How Art Helps to Create Public Space

By Makiko Horita.

Published by The International Journal of Social, Political and Community Agendas in the Arts

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Article: Print $US10.00
Article: Electronic $US5.00

Public Space tends to be a subject of homogenization in terms of its aesthetic character as well as surveillance by powers controlling it, whether it is a government authority or commercialization. On the other hand, Guerilla Public Space struggled for by recent activism, such as “Occupy Wall Street,” tries to emancipate such spaces into a people’s place, where the spontaneous “power-to-do” (ref: John Holloway) of each participant cooperates with others to create a world they want to see. The actions done by everybody there contribute to the definition of it.
In this paper I compare this spontaneous power of people to “occupy” and redefine the space with artistic creativity. Then I investigate the possibility of empowering such activism by art through two case studies, the “(Park)ing Day” and the “Sidewalks for People”. Both of them have a highly decentralized, DIY character, which demands strong artistic creativity.
A participatory art, empowering everybody to be an artist, will help activists explore their causes and desires more deeply, diversify their expressions, intensify their interaction with each other on every level including subconscious or contextual ones. It will result in a powerful ecosystem of people creating Public Space. This empowerment will be vital for activists to avoid a trap of fetishism, which can make them stick to a cliché easily co-opted by commercialism, or doctrinarism, resulting in a new power controlling others. Continuously being creative and explorative with the help of art, activists can not only resist but can also successfully grow out of the fetishistic way of life capitalism imposes on them.

Keywords: DIY, Decentralization, Public Space, Social Movement, Inclusiveness, Non-violence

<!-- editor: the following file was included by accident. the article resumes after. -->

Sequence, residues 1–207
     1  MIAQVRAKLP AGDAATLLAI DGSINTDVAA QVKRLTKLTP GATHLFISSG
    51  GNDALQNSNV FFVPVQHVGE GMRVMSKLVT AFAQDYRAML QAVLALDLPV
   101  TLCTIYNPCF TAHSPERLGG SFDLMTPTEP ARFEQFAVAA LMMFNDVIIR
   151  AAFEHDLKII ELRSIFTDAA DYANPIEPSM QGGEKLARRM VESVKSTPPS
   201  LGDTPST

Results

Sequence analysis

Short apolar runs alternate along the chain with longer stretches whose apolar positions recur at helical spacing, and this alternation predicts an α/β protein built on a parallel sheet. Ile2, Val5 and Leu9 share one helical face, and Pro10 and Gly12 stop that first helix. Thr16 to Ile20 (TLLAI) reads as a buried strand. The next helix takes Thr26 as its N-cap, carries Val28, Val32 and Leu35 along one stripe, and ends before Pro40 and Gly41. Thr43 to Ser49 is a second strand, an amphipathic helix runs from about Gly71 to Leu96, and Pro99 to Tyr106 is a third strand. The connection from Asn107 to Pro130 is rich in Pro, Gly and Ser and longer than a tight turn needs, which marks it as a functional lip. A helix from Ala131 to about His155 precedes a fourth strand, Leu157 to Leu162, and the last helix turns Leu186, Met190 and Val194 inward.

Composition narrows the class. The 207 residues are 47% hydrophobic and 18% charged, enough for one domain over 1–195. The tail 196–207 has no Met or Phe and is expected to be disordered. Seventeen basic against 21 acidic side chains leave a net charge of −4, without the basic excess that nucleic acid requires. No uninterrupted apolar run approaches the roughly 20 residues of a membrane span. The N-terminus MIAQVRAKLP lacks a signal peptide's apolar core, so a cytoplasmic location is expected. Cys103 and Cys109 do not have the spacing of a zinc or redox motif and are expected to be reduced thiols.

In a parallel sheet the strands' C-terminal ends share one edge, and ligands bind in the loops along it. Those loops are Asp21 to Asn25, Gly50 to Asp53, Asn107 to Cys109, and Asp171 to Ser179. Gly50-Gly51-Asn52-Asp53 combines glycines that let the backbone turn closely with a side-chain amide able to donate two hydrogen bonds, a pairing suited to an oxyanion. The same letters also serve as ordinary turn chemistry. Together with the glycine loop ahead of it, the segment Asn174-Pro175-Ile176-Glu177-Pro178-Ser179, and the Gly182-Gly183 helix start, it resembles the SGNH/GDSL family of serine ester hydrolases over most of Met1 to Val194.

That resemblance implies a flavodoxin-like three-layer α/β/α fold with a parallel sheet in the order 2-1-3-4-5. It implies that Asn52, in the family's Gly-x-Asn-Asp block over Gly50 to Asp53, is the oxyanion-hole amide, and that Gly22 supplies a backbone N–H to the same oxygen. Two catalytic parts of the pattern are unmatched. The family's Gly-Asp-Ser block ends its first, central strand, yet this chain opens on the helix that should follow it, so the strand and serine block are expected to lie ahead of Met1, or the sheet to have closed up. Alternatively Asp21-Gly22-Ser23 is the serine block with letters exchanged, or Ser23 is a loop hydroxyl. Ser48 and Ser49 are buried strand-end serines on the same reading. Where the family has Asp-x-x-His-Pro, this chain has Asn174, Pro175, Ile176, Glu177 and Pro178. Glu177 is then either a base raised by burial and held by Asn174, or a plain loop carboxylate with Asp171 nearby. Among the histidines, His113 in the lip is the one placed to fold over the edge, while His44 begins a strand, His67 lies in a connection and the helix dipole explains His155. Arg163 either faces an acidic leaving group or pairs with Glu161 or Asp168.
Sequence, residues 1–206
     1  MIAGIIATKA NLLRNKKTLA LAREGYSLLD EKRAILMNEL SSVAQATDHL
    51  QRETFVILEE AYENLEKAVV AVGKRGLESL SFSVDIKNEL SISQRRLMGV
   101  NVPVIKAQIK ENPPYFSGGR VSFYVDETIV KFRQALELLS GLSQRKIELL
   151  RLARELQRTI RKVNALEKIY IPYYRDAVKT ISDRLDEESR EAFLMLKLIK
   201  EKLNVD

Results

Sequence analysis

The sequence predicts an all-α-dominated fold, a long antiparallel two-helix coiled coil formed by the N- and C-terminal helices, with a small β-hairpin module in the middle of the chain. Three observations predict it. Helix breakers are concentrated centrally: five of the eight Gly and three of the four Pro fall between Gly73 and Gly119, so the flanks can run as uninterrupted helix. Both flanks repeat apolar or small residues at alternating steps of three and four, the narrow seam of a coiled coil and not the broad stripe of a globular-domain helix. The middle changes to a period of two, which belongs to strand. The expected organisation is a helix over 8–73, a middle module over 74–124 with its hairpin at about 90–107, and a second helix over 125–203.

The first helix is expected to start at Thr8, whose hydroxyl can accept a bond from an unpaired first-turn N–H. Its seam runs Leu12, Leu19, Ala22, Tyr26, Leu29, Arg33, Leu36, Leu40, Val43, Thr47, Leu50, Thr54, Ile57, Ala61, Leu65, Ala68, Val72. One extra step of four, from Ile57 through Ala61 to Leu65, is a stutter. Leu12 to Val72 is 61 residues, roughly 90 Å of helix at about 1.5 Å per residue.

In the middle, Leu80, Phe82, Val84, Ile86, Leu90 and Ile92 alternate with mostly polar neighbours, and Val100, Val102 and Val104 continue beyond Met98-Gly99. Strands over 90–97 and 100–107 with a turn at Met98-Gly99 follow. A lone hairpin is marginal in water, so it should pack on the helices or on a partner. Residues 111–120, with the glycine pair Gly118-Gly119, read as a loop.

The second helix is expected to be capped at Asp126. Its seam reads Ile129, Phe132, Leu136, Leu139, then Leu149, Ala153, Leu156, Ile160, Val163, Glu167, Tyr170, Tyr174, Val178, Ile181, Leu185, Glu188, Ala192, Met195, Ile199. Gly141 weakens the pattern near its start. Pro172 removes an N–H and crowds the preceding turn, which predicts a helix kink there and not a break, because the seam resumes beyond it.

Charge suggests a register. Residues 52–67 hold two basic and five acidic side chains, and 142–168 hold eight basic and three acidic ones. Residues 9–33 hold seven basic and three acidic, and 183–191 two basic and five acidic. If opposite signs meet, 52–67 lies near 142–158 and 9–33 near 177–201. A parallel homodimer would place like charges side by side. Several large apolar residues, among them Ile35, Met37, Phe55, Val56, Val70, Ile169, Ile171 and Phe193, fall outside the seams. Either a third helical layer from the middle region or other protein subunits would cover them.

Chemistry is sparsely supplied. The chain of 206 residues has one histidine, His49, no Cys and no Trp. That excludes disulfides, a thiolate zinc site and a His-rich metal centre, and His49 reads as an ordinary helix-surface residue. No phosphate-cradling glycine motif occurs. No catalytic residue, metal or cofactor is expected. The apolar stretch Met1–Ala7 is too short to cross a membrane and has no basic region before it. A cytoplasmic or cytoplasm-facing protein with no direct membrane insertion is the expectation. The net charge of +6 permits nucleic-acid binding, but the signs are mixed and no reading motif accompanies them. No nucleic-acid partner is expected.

The International Journal of Social, Political and Community Agendas in the Arts, Volume 7, Issue 1, pp.21-28. Article: Print (Spiral Bound). Article: Electronic (PDF File; 239.604KB).

Makiko Horita

Associate Professor, Graduate School of International, Media, Communication and Tourism Studies, Hokkaido University, Sapporo, Japan

I received MA from the Tokyo University and conducted research on the extended concept of Art by Josepf Beuys. Now, apart from the monograph about him, I am trying to form a theory about Art and Social Change in general, holding a seminar about Art, Culture and Society at the University of Hokkaido. In particular, I am interested in the application of the Project Education in the tradition of Paulo Freire to art, and the New Genre Public Arts or the Community Arts which employ found objects and themes from the situations people live in, as well as in participatory arts, which attempts to make everybody an artist. I investigate their potentiality to enhance the consciousness, critical spirit and spontaneity of the people on an everyday basis. They will function as an immune system against the spectacle and fetishism that capitalism imposes on us and bring out our ability to change society from the grassroots level. This is my academic focus at this point in my life.